Statement of Purpose To explore the effectiveness and mechanisms of relationship education to reduce perinatal teen dating violence (PTDV) at nurse home visitation. Home visiting programs are critical to prevent PTDV. Only one randomized controlled trial (RCT) of relationship education to prevent intimate partner violence (IPV) in home visiting has been published without specific analyses for adolescent parents.
Methods/Approach In 2020, we performed secondary analyses of a subsample of 63 adolescents (aged 15 to 17) among 238 first-time, low-income mothers in the Nurse Family Partnership (NFP) program in an RCT in Oregon from 2005 to 2011. In the augmented program, trained nurses provided the adapted Within My Reach curriculum where commitment was taught along with IPV screening and referral and decision-making (e.g., sliding vs. deciding) during pregnancy. These IPV interventions were not in the standard program. Mixed effects models were performed because PTDV was assessed during pregnancy, 1- and 2-year follow-ups and summed instances of victimization and/or perpetration of physical assault, sexual coercion, and physical injury.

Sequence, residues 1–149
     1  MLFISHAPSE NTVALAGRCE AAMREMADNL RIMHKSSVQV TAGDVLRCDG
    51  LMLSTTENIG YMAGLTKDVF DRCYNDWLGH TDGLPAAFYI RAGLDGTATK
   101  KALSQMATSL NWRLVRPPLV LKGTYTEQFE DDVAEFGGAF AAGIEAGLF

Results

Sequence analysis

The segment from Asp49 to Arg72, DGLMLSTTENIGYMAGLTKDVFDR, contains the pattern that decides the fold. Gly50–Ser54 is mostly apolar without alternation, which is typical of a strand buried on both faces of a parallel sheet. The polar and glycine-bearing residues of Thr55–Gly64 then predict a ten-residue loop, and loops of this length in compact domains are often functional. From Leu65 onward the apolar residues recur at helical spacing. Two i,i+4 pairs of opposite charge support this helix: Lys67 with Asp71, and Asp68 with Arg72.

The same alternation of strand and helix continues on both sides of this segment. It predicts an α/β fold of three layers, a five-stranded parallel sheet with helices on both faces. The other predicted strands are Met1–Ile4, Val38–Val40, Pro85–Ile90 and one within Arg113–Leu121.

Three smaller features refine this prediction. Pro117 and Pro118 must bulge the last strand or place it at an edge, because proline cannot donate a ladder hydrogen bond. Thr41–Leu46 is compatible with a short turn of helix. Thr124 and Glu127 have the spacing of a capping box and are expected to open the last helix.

Results The augmented program was associated with reduced PTDV at 1-year follow-up significantly (ß=-2.8; 95% confidence limit -5.3, -0.3, p=0.03] but not at 2-year follow-up (ß=-1.5; -4.2, 1.2, p=0.27). In exploratory mediation analyses, mediation effects of commitment and relationship stability on PTDV were not significant (p= 0.47 and 0.64, respectively).
Conclusions Exploratory analyses of this RCT showed significant short-term effects on PTDV. Large trans-disciplinary studies are needed to perform mediation analyses to delineate mechanisms of change and improve NFP program models to prevent PTDV.
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